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Trouble with a Capital ‘G’

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Posted October 28, 2014

NIST has taken part in a new push to address a persistent and growing problem in physics: the value of G. The Newtonian constant of gravitation, used to calculate the attractive force of gravity between objects, is more than 300 years old. But although scientists have been trying to measure its value for centuries, G is still only known to 3 significant figures. By contrast, other constants have been measured with much greater precision; the mass of the electron in kilograms, for example, is known to about 8 digits.i

Clash of Galaxies: Measuring the gravitational constant G with greater precision could have implications for cosmology and astrophysics. Source: NASA

Clash of Galaxies: Measuring the gravitational constant G with greater precision could have implications for cosmology and astrophysics. Source: NASA

Worse yet, the more experiments researchers conduct to pin down the gravitational constant, the more their results diverge.

On October 9-10, 2014, several dozen scientists from around the world gathered at NIST to consider their options.

“We’re all here because we have a problem with G – and I mean, boy, do we have a problem with G,” said Carl Williams, Chief of PML’s Quantum Measurement Division, to the assembled group on the first morning of the meeting. “This has become one of the serious issues that physics needs to address.”

The gravitational constant is familiarly known as “big G” to distinguish it from “little g,” the acceleration due to the Earth’s gravity.ii Despite its name, big G is tiny – about 6.67 x 10-11 m3 kg-1 s-2 – and comparatively feeble, roughly a trillion trillion trillion times weaker than the electromagnetic force responsible for affixing souvenir magnets to refrigerators. And its weakness makes it difficult to measure.

Big G workshop participants at NIST.

Big G workshop participants at NIST.

Experimentalists have used a variety of approaches – swinging pendulums, masses in freefall, balance beams, and torsion balances that measure the torque or rotation of wires supporting masses that are attracted to other masses. But a plot of all the results from the past 15 years reveals a relatively wide spread in values ranging from about 6.670 x 10-11 m3 kg-1 s-2 to 6.676 x 10-11 m3 kg-1 s-2.

Furthermore, CODATA – the International Council for Science Committee on Data for Science and Technology, which analyzes the results of individual experiments and provides an internationally accepted sets of values for fundamental physical constants – has had to increase the uncertainty on its latest recommendation for a value of G due to the divergence of the experiments.iii

At the NIST workshop, the 53 participants agreed unanimously that something should be done. They recommended that one or more organizations establish annual or biannual meetings focused specifically on the campaign to determine big G’s value with greater accuracy, and they supported the idea of focusing on new approaches to the measurement, such as the atomic interferometry setup used in a recent experiment involving laser-cooled rubidium atoms.iv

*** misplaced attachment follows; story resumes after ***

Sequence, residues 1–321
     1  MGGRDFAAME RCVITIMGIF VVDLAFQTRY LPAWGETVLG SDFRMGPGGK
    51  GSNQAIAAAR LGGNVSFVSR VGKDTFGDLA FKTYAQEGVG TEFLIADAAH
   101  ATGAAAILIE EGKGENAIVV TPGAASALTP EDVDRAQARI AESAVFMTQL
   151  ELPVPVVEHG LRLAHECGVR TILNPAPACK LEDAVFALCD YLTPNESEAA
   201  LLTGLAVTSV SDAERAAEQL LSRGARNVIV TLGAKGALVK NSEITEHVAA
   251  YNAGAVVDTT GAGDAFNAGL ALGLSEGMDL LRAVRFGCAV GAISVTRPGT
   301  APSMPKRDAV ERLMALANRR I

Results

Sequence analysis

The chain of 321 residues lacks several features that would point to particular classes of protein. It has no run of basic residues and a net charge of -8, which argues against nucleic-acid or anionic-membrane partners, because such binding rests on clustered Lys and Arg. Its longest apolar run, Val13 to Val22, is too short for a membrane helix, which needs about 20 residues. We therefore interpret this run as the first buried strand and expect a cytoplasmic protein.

The main culprit in these discrepancies is suspected to be systematic uncertainties in the measurements, and much of the discussion focused on reducing noise. One way to address this problem, participants felt, is for different teams to conduct independent experiments using the same set of apparatus. Two groups with particularly deviant results offered their equipment during the meeting, pending discussions with the teams that will reuse the resources.

Workshop attendees expressed moderate interest in forming a consortium, an organization that would centralize the process of finding consensus. A potential benefit of a consortium would be providing NIST and other National Measurement Institutes (NMIs) with a means of contributing support, for example in the form of precision length metrology services, to members.

“Clearly, there is no right answer for how to move forward,” Williams said. “But there is international support around resolving the big G controversy, and so it’s a great time for us in that regard.”

Source: NIST, written by Jennifer Lauren Lee

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The mass of an electron is 9.109 382 91(40) x 10-31 kg, where the number in parentheses indicates uncertainty in the final two digits.

ii Calculating the gravitational attraction between two objects requires taking the product of two masses and dividing by the square of the distance between them, then multiplying that value by G. The equation is F=Gm1m2/r2.

iii CODATA’s latest set, released in 2010, recommended a value for G of 6.673 84(80) x 10-11 m3 kg-1 s-2 compared to its previous result from 2006 of 6.674 28(67) x 10-11 m3 kg-1 s-2. The values in parentheses indicate standard uncertainty (based on standard deviation), in this case plus or minus 0.000 80 x 10-11m3 kg-1 s-2 and plus or minus 0.000 67 x 10-11 m3 kg-1 s-2 respectively.

iv In this experiment, researchers pushed two clouds of cold rubidium atoms into a vacuum chamber with laser light. The atoms accelerated differently depending on the placement of high-density masses (tungsten weights totaling about 500 kg) arranged in various configurations. Differences in acceleration due to the atoms’ gravitational attraction to the tungsten masses could be picked up in the clouds’ interference pattern. G. Rosi, F. Sorrentino, L. Cacciapuoti, M. Prevedelli and G.M. Tino. Precision measurement of the Newtonian gravitational constant using cold atoms. Nature. Vol. 510. 518–521. June 26, 2014. DOI:10.1038/nature13433

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